February 20, 2020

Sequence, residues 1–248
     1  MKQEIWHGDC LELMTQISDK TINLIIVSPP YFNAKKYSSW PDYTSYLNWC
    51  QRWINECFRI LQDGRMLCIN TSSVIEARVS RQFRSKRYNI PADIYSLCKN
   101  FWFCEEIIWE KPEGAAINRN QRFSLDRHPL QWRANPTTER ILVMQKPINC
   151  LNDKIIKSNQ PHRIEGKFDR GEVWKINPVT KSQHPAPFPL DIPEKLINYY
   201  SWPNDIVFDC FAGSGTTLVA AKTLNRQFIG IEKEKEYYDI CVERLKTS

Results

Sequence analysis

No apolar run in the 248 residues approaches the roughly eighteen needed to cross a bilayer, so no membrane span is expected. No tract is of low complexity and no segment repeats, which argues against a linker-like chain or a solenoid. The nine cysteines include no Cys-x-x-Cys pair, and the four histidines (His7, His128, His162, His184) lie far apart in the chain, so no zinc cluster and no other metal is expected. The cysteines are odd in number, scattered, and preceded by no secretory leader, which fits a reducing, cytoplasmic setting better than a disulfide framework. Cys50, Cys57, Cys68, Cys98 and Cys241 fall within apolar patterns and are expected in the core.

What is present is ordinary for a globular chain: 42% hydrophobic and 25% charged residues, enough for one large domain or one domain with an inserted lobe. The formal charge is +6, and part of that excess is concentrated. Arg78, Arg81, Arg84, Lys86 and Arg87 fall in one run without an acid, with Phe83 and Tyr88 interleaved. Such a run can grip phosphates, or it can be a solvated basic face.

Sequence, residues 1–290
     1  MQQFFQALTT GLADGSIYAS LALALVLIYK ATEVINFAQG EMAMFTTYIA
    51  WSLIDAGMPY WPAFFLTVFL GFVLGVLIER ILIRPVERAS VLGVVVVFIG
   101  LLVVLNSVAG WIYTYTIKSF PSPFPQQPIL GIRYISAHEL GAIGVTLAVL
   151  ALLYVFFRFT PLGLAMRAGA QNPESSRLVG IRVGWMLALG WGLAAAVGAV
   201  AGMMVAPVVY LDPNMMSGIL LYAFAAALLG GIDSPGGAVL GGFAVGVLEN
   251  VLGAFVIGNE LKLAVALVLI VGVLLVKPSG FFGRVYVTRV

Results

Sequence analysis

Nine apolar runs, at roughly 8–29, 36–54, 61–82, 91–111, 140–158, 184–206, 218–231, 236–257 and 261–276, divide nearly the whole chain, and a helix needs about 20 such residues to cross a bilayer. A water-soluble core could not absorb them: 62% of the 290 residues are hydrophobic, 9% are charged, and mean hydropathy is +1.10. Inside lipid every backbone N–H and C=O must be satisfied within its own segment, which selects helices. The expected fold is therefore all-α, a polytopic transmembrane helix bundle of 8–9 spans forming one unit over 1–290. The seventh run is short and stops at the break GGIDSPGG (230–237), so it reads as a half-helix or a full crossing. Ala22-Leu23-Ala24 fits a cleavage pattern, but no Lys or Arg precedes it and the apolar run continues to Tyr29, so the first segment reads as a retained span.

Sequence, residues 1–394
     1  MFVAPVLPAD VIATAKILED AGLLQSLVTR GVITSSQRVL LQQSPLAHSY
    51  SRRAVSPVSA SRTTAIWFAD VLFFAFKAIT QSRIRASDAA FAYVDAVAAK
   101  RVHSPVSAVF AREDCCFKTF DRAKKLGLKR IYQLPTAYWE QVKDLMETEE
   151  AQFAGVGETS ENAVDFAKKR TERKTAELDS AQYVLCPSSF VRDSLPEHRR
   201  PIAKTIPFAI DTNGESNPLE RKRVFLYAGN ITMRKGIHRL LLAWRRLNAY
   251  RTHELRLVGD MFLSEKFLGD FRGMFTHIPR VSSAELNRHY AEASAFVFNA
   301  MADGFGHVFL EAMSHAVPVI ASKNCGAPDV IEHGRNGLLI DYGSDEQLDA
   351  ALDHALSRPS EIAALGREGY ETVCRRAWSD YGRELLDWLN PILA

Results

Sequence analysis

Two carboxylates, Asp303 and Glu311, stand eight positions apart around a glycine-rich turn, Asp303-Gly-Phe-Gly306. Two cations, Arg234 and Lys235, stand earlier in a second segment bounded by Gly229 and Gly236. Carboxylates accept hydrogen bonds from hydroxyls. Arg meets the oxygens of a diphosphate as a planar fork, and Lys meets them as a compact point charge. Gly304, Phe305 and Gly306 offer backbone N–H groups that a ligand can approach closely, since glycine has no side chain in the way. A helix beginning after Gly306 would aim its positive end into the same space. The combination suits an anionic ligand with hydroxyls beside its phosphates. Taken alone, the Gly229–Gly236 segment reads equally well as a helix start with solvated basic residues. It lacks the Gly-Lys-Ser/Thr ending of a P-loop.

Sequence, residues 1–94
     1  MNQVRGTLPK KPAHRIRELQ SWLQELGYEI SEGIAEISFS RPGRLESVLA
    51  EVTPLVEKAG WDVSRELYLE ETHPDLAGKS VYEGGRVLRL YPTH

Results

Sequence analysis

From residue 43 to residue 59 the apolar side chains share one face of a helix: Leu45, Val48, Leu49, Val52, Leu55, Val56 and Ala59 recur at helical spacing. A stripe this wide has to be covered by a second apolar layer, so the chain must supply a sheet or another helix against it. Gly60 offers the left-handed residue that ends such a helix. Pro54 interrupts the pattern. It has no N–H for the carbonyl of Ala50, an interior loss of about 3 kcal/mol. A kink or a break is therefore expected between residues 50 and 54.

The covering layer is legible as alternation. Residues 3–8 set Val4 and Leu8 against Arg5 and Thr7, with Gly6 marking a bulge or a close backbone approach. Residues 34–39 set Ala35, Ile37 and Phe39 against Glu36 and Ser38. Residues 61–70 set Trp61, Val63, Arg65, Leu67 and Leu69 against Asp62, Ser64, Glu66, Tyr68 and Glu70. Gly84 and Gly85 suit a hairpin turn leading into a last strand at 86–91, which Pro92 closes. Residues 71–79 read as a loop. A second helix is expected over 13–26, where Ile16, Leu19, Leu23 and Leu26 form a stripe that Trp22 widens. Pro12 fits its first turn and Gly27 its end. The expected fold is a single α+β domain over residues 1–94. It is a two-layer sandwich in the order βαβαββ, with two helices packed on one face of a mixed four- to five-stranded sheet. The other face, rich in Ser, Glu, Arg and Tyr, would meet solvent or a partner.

It has come to my attention that the SEC is proposing rules that could make it more difficult for individual investors such as myself to buy leveraged and inverse funds. As I said, I am an individual investor who handles all aspects of the investment of the funds I have. As such, I do my own research into appropriate investments, and then make my own decisions on just how I invest. I understand the risks associated with any investment, and I take full responsibility for the results of those investments. As a result of this research, I have decided to make leveraged funds a critical portion of my investment portfolio. I feel it is absolutely unnecessary for the SEC to attempt to tell me which investments are appropriate for my investments. Leveraged funds have risk, as do any investments in any stock, ETF, or Mutual fund, and it should be up to the individual investor to determine their comfort level with that investment. I appreciate the SEC's important function to make sure the stock markets are a fair and truthful place for all investors. However, beyond ensuring that all investments provide truthful information so that investors can make intelligent decisions about their investments, I do not feel it is appropriate for the SEC to limit investors ability to make those investment decisions. Investors need the ability to make their own decisions, and take their own risks. Leveraged and inverse funds provide a unique ability for investors to make enhanced returns -- with enhanced risk. But, all investments carry risk -- some more than others. It's up to the individual investor to determine if the risk is appropriate for his investment goals. I believe it is inappropriate for the SEC to restrict access to leveraged and inverse funds. Let us, as investors, make our own decisions about what is or is not appropriate risk for our investment goals. I applaud the SEC's role in ensuring that information is available, accurate, and truthful with regard to individual investments so that we can make informed decisions. But, I do not believe it is the SEC's role to limit access to lawful investments.